Paralys – by John Boisen & Björn Fävremark
The experience of a sleep paralysis (that you shouldn't watch alone...)
John Boisen and Björn Fävremark are specialists in the materialisation of nightmares and private demons. They move through the melding of horror and thriller and the realism of odd documentaries. Following The Effect Will Last Forever (2015) and Let Me Run (2016), the two have directed Paralys (before helming the music doc You Are Teddybears about the eccentric Swedish band). Paralys is a really tense psychological short film about a scary but very common personal experience – the sleep paralysis.
During a sleepy Sunday afternoon, a woman (Sofia Westberg) dozes off in front of the TV in her apartment. There’s the usual game show on television. The next category is horror films. “Which Japanese horror film from 1998 has an American remake starring Naomi Watts?”. “Ringu, geek.” So the woman falls asleep. When she wakes up she finds herself in a kind of limbo between dream and reality. And in the periphery a dark figure, just like Samara, is moving towards her.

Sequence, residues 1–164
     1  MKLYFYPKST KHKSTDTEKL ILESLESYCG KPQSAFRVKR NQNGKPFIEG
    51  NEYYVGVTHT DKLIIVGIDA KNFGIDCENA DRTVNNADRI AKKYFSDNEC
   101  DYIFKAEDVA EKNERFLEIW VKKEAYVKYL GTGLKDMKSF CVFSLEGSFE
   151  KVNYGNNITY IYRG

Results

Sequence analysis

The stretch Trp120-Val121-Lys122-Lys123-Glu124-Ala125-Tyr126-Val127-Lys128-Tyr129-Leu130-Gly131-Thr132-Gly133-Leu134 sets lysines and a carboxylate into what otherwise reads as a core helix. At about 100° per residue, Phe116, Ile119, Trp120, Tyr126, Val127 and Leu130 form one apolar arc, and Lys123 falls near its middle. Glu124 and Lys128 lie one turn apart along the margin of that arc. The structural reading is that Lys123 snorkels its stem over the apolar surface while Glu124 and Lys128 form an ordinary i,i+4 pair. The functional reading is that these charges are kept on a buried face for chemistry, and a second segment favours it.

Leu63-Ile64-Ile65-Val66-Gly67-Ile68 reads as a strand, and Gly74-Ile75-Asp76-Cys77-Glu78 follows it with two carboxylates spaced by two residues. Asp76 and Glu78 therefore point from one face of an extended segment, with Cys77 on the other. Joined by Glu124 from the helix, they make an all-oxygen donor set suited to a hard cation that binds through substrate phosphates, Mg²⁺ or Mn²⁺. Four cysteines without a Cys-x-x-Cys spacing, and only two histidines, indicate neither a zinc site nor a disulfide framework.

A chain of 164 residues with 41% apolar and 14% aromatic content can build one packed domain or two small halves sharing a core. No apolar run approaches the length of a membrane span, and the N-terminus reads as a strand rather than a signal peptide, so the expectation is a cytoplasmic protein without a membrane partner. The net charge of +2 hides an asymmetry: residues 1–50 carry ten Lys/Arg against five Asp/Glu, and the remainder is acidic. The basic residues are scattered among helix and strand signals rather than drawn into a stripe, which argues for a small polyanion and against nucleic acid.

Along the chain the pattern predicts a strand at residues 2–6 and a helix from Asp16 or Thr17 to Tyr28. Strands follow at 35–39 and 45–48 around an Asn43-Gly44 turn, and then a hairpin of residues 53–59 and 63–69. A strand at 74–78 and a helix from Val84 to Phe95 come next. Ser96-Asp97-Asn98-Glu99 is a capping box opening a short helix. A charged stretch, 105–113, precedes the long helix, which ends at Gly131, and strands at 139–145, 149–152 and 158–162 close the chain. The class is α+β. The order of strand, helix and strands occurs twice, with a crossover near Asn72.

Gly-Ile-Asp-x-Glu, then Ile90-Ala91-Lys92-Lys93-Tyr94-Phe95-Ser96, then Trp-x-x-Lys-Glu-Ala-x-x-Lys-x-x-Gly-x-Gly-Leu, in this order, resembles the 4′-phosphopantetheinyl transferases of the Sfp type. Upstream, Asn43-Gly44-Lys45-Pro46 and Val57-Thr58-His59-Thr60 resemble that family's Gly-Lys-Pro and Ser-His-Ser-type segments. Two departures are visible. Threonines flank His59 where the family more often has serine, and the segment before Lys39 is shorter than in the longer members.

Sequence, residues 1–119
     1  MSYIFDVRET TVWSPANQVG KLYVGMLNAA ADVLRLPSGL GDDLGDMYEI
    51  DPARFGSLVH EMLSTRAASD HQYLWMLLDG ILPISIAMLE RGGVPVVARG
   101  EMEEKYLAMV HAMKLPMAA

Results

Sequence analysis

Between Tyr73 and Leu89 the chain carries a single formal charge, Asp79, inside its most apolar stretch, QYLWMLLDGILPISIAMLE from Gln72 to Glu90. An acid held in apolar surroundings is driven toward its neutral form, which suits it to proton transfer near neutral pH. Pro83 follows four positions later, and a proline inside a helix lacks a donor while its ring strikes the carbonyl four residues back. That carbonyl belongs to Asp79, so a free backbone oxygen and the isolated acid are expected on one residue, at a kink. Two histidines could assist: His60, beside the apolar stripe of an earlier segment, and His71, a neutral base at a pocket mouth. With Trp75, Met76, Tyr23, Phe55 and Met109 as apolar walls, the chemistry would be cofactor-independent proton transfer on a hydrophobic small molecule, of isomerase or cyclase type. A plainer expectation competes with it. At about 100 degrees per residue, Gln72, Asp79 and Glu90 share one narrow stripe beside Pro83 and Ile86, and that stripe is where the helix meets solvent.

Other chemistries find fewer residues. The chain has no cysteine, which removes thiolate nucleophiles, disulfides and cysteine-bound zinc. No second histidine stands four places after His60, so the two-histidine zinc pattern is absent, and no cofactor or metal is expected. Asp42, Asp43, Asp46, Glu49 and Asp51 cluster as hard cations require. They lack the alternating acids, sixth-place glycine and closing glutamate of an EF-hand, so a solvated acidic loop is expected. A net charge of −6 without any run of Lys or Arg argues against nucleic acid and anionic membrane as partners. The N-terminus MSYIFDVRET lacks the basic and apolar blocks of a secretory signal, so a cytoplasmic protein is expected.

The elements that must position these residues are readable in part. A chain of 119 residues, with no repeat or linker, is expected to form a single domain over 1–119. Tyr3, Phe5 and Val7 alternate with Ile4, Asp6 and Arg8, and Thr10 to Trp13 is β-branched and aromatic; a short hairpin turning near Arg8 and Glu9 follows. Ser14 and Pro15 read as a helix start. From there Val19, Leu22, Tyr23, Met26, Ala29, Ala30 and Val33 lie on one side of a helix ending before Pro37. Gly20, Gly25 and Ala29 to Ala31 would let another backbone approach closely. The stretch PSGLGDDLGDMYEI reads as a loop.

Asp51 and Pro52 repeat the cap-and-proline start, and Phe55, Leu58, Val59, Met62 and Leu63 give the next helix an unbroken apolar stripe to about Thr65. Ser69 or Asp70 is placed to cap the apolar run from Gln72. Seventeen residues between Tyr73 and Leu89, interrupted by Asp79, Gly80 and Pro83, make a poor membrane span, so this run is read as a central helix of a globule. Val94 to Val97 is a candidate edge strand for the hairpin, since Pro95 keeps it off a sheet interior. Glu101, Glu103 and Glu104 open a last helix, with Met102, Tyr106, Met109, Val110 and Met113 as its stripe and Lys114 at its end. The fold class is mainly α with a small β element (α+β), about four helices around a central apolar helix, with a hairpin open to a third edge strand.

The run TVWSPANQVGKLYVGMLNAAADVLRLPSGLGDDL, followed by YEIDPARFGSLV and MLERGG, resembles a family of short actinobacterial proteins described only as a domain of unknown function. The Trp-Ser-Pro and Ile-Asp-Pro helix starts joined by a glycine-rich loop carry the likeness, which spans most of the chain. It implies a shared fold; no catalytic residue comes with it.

Part of The Swedish Film Institute’s “It’s Alive” and screened at Uppsala International Short Film Festival, Fantastisk Film Festival and Arctic Light Film Festival, Paralys is a pretty terrifying visualization of the sleep paralysis experience, incredibly close to the real one. Who’s tasted it, knows it. It’s a physical phenomenon (a “dysfunction” in REM sleep) encountered in several cultures (Boisen and Fävremark mention The Nightmare by Henry Fuseli), as “one of the most unexplored regions of art are dreams,” the Anglo-Swiss artist is often quoted as saying. The stunning sound design and the enveloping camera movements of Paralys realise that sense of absolute terror perfectly.comments powered by Disqus